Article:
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S. Korea aims to be economic powerhouse despite Japan export controls

SEOUL — South Korean President Moon Jae In said Thursday that the country aims to become an economic powerhouse despite Japan’s tightened export controls, as he spoke at an event marking the end of Japanese colonial rule 74 years ago.

 

Moon, in his speech, emphasized that the normal flow of trade could be disrupted if a country uses its comparative advantage in a sector, referring to Japan’s move that requires manufacturers of semiconductor-related materials to seek approval each time before shipping to Seoul.

 

With concerns growing that Japan’s tighter export controls would deal a heavy blow to South Korea’s economy, he also called for cooperation with the neighbor, adding it will facilitate peace and prosperity in the East Asia region.

 

“Better late than never. If Japan chooses the path of dialogue and cooperation, we will gladly join hands,” Moon said.

 

Moon’s speech came amid thorny ties between South Korea and Japan following a series of court decisions that ruled in favor of South Korean plaintiffs who claim to have been conscripted as laborers during World War II and therefore have the right to seek compensation.

 

South Korea calls the recent export tightening “an economic retaliation” as Tokyo views that Seoul has failed to deal with months-long disputes over wartime labor, maintaining its stance that the compensation issue was “completely and finally” settled under a 1965 bilateral treaty.

 

As for inter-Korean relations, Moon also highlighted his government’s efforts to help keep a dialogue going between North Korea and the United States.

 

“In spite of a series of worrying actions taken by North Korea recently, the momentum for dialogue remains unshaken,” he said, adding that Seoul is committed to denuclearization and bringing about peace on the Korean Peninsula during his term as president.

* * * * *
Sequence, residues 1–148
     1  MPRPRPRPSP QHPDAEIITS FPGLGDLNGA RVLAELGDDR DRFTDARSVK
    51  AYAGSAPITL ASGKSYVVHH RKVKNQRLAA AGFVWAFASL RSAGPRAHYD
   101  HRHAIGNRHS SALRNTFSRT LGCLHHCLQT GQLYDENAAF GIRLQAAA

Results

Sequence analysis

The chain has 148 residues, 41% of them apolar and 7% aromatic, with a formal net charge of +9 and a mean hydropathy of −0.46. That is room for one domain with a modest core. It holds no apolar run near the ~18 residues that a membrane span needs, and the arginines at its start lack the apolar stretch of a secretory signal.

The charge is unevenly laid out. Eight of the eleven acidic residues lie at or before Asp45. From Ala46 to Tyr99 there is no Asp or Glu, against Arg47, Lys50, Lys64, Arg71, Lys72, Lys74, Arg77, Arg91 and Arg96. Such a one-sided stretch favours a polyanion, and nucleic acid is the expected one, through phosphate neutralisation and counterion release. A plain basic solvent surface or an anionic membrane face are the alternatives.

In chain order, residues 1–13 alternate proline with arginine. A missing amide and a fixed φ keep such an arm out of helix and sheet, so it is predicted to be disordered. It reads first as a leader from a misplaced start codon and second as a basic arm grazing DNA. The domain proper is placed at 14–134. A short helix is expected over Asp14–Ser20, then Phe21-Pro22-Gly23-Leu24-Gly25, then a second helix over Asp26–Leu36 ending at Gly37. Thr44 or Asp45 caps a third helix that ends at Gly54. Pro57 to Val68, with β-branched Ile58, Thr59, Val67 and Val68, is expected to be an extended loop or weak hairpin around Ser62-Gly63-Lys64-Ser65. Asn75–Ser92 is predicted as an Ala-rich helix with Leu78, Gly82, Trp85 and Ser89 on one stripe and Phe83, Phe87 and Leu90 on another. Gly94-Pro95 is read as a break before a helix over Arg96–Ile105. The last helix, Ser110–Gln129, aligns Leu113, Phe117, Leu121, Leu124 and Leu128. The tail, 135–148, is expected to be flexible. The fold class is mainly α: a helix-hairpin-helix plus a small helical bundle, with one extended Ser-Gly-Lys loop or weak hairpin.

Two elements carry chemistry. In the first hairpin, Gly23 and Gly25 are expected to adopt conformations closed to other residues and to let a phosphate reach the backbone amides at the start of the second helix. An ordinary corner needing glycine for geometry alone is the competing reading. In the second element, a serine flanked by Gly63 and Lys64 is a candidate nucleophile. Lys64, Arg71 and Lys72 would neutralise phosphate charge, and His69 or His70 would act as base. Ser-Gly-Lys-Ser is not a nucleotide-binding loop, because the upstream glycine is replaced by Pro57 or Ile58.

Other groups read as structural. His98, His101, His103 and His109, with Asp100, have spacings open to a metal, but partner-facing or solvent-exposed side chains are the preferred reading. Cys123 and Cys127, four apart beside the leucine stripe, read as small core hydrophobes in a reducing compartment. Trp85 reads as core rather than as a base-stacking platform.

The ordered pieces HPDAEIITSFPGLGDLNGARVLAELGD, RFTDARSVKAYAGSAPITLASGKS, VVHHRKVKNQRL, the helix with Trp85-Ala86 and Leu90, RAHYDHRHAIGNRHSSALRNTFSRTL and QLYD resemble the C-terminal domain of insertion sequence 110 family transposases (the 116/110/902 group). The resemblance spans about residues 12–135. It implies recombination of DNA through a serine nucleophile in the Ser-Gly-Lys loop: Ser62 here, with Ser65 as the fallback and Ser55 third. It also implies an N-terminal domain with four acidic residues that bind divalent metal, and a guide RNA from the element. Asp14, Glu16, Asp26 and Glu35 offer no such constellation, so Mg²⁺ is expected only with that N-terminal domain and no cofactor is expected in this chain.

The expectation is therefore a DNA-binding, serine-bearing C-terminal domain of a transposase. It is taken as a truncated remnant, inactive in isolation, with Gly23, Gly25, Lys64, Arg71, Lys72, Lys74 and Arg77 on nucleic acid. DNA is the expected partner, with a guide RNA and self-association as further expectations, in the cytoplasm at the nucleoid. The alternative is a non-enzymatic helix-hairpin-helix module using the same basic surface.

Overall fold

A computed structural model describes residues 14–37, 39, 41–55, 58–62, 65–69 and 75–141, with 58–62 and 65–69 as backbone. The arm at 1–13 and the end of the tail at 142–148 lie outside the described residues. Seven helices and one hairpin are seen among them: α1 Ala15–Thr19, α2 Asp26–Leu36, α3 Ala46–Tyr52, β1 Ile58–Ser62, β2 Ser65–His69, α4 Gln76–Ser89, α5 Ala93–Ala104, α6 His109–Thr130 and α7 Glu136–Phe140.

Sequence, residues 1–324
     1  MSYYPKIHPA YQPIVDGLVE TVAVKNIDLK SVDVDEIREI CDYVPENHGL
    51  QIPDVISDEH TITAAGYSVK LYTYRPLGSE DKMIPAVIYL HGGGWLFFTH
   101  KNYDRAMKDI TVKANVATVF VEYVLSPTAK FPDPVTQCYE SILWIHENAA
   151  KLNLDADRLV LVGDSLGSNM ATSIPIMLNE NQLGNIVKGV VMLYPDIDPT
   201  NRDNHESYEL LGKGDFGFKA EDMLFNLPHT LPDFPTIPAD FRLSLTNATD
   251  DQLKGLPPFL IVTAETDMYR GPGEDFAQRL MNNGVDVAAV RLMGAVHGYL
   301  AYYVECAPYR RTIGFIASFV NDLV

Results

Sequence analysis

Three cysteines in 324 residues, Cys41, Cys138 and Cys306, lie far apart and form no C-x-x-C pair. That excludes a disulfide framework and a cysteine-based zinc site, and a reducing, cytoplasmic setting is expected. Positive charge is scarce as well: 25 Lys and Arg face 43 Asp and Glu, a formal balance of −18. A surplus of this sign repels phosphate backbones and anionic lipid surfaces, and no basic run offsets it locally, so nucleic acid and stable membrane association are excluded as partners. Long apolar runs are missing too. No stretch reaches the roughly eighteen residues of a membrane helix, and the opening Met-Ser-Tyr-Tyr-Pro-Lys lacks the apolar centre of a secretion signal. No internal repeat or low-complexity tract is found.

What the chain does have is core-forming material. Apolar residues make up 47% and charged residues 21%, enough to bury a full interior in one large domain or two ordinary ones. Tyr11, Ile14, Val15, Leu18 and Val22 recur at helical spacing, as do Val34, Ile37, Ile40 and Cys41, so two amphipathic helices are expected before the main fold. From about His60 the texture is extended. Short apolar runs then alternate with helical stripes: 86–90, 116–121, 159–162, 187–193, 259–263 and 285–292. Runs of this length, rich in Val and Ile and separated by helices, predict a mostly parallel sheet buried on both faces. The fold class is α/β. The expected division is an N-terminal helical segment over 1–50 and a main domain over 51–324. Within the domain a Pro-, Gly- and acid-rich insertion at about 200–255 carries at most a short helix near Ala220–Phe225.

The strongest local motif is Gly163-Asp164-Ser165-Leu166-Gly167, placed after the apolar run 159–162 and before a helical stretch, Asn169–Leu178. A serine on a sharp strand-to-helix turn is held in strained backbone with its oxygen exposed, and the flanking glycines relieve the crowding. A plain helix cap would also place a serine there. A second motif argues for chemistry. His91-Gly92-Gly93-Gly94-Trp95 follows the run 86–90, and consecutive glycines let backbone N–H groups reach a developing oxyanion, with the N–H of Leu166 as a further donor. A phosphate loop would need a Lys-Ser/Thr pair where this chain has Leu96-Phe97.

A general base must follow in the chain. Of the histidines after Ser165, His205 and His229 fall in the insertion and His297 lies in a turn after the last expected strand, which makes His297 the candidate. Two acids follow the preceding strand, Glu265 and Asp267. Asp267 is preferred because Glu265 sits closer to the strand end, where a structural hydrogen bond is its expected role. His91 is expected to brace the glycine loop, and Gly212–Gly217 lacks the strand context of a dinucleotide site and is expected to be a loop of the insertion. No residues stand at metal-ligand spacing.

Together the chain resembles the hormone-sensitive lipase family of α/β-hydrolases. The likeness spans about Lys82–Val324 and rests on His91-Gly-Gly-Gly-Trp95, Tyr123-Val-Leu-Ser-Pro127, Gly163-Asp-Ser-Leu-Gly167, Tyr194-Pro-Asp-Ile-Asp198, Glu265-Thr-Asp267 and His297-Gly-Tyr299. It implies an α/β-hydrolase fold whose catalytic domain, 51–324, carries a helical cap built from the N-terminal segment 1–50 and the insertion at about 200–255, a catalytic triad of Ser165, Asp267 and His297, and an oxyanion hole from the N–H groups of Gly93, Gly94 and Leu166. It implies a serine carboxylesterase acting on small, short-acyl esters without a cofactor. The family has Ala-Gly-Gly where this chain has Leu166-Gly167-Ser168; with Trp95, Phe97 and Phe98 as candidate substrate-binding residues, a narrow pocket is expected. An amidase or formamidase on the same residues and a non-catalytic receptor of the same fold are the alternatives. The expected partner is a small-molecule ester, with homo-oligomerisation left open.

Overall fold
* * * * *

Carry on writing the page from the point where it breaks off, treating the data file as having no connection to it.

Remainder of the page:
North Korea has recently fired a series of short-range ballistic missiles, which it claims to be “new-type tactical guided missiles,” as a warning against South Korea-U.S. joint military drills that started on Aug. 5 and run through late this month.

 

U.S. President Donald Trump said last week that North Korean leader Kim Jong Un expressed displeasure at the military exercise in a letter to him and that the two leaders would have another meeting.

 

With Pyongyang’s provocative actions still ongoing, Moon may be well aware of people’s concerns over forming a “peace economy” with North Korea as suggested by the South Korean president.

 

Moon reiterated that his government’s intention is not to give unilateral aid to North Korea, but to promote mutual benefits.

 

“Both Koreas will be able to reduce not only huge defense expenditures but also the invisible cost of the division, the so-called Korea Discount,” said Moon.

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